Attacks Highlight Kuwait’s Delicate Security Balance

Andre Colling writes that recent bombings by ISIL in Kuwait have brought the country’s delicate security balance to the fore. Despite the Sunni-Shi’a divides being set aside in the attacks immediate aftermath, the government’s response risks increasing this dangerous religious rhetoric. Colling argues that if the government does not compromise with opposition factions, unrest will remain a long-term threat. – Andre Colling, International Peace Institute.

Seizing Assets Unlikely to Rid Paraguay of Narco-Corruption

David Gagne argues that an asset seizure bill currently being debated in Paraguay may not be a silver bullet for stopping narco-corruption in the country. Among Gagne’s arguments are the stifling effects on the laws effectiveness created by: corrupt security forces, the use of the bill to target political opponents, and bureaucracy. – David Gagne, In Sight on Crime.

How Can States and Non-State Actors Respond to Authoritarian Resurgence?

In this post, Erica Chenoweth interviews Maria J. Stephen—Senior Policy Fellow at the U.S. Institute of Peace and Senior Fellow at the Atlantic Council—on how non-state actors respond to authoritarian regimes. Following an intricate and enlightening Q&A, Stephen highlights the role external actors have in the process, singling out President Obama’s ‘Stand With Civil Society’ initiative as an example of what should be done going forward. - Erica Chenoweth, Political Violence @ a Glance.

Taliban, Afghan officials hold peace talks, agree to meet again

Following the historic first meeting of Afghan Taliban and the Afghan government in Kabul, and the agreement that further talks would be held, this article provides an overview of the international reaction to the talks, and the divisions the talks are causing within the Taliban. - Jibran Ahmad and Hamid Shalizi, Reuters.

Karachi’s Heat Wave a Sign of Future Challenges to Pakistan’s Fragile Democracy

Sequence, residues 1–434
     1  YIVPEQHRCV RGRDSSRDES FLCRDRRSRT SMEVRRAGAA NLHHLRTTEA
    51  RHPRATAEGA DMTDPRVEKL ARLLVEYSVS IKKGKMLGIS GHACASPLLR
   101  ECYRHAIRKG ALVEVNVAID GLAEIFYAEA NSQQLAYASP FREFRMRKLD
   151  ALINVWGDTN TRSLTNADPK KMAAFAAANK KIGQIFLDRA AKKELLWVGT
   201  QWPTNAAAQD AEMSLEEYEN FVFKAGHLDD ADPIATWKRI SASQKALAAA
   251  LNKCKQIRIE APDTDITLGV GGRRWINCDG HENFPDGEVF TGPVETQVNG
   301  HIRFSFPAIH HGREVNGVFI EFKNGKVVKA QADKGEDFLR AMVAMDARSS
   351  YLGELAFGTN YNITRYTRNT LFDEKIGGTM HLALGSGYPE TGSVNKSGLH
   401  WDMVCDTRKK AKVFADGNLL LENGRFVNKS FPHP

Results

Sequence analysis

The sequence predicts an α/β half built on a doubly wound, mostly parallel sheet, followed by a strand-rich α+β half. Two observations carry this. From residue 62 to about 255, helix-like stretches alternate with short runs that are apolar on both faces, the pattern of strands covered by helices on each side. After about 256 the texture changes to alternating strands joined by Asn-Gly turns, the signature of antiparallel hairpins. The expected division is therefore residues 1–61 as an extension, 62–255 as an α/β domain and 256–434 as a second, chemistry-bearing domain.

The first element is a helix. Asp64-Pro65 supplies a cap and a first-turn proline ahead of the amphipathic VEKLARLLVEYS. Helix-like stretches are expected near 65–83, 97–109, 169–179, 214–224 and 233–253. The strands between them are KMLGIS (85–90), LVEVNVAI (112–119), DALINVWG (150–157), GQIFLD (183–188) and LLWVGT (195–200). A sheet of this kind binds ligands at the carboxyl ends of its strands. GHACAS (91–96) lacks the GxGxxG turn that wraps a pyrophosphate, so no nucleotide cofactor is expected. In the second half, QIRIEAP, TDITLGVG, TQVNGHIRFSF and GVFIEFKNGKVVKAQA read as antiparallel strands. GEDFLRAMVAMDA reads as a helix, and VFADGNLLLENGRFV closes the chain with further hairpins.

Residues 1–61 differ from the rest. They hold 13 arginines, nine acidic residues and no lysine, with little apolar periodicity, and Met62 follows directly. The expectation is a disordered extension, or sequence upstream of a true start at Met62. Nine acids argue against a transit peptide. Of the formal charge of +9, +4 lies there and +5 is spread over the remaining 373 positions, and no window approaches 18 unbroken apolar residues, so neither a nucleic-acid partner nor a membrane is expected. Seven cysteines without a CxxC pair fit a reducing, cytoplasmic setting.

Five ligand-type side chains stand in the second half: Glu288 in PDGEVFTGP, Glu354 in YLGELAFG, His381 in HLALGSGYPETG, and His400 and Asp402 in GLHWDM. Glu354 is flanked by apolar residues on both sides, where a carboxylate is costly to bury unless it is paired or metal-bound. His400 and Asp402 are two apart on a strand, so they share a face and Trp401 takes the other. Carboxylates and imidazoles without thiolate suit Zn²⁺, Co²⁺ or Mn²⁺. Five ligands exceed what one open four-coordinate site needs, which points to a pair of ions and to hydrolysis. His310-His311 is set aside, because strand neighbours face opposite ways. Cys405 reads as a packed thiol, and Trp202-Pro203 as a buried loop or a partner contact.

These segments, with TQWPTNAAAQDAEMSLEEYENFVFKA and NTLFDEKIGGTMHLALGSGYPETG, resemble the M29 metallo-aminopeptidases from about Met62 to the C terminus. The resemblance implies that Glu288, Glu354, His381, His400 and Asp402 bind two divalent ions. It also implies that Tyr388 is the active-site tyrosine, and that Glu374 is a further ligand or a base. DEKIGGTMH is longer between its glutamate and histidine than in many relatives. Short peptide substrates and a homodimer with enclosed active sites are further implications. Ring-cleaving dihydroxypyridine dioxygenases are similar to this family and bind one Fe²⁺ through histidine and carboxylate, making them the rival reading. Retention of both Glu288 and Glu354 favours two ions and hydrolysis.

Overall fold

This intriguing article analyzes the effects of the recent heatwave in Pakistan on the country’s political and security situation. Tim Kovach writes that the heatwave has exposed major failings in government institutions, particularly the military. He writes that the Pakistani military have the ability to perform humanitarian missions in Pakistan, but that the fear of a military coup, emanating from a failure to reform the military since its inception, limits the government’s response, thus weakening its authority. – Tim Kovach, New Security Beat.

Women and Girls Endure Unspeakable Horrors during War and the UN isn’t Doing enough about it

While documenting the often horrendous treatment and conditions of women in conflict zones, Samer Muscati highlights how problems continue to be pervasive after the adoption of UN Resolution 1325 on Women, Peace and Security. Muscati highlights how despite some progress being made in the Democratic Republic of Congo, in other states mass kidnappings of women have increased, with the women suffering negative stigmas even if rescued. –Samer Muscati, Human Rights Watch.

Egypt’s Harsh Crackdown Could Lead to Further Violence

Dr Omar Ashour argues that the recent crackdown on the Muslim Brotherhood (MB) in Egypt could lead to a nationwide outbreak of violence. Dr Ashour argues that while the MB is weakened, it is not dead, and that the longer the standoff between the organization and President Abdel Fatah al-Sisi continues, the more unstable Egypt will become. – Dr Omar Ashour, Chatham house.

North Vietnamese veteran’s stories

This piece provides an overview of a project led by UBELONG, where veterans of the North Vietnamese Army, or Viet Cong, were interviewed and photographed. Among those interviewed is Le Ba Bon, a 63-year-old veteran who took the opportunity to state: “I have to let go of my hurt and pain. It’s time to look into the future and begin cooperating”. A powerful message for any combatants currently involved in peace negotiations. – Phil Coomes, BBC.

Yemen - A difficult calm

As a UN brokered humanitarian truce takes hold in Yemen, Khaled Abdullah tells the story of the destruction the truce hopes to end through the medium of photography. If an average picture says a thousand words, this piece tells a million regarding the division and suffering gripping Yemen. – Khaled Abdulah, Reuters.

Why the UN Sucks at Conflict Prevention

Andrew Mack highlights how the UN’s role ‘in preventing armed conflict has been mixed to poor.’ Mack argues that this failure emanates from: an increase in intra state conflict making it more difficult for the UN to intervene, a lack of resources, difficulty in assessing the success of mediators, and the difficult linking of development policy to conflict prevention. – Andrew Mack, Political Violence @ a Glance.